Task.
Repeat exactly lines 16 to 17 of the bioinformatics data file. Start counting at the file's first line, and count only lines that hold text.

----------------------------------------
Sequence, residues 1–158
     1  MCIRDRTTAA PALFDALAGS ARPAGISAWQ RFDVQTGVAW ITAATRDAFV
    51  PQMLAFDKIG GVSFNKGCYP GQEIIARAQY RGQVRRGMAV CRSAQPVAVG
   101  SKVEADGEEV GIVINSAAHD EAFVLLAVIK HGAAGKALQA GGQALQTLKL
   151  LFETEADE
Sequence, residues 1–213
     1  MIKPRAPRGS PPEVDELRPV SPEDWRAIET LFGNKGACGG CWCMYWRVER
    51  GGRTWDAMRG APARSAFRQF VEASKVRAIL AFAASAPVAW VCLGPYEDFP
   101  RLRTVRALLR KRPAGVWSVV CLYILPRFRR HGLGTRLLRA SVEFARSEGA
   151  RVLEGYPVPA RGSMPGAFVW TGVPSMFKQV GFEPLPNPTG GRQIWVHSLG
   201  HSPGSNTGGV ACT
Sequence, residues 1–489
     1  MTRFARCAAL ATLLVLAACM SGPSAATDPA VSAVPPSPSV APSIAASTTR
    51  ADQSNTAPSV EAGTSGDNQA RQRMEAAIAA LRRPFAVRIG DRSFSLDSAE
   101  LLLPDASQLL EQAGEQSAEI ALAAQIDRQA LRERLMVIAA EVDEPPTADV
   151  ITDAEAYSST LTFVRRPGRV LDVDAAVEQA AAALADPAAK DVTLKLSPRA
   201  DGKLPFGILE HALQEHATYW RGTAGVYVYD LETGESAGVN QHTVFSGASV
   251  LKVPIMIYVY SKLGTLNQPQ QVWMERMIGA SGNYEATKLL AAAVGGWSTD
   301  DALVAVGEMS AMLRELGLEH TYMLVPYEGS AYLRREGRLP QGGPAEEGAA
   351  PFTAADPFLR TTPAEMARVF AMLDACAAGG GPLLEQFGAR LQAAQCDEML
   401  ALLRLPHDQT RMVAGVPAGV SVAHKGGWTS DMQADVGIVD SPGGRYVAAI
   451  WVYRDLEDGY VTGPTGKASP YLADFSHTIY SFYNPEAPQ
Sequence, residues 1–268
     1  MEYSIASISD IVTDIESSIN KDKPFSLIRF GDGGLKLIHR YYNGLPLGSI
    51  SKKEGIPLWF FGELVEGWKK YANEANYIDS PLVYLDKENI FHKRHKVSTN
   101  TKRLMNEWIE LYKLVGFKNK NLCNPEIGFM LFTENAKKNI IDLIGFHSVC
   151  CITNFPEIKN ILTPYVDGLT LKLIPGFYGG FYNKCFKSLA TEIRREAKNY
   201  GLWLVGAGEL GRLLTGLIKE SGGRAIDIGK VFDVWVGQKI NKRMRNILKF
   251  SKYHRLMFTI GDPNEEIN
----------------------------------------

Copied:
   151  ITDAEAYSST LTFVRRPGRV LDVDAAVEQA AAALADPAAK DVTLKLSPRA
   201  DGKLPFGILE HALQEHATYW RGTAGVYVYD LETGESAGVN QHTVFSGASV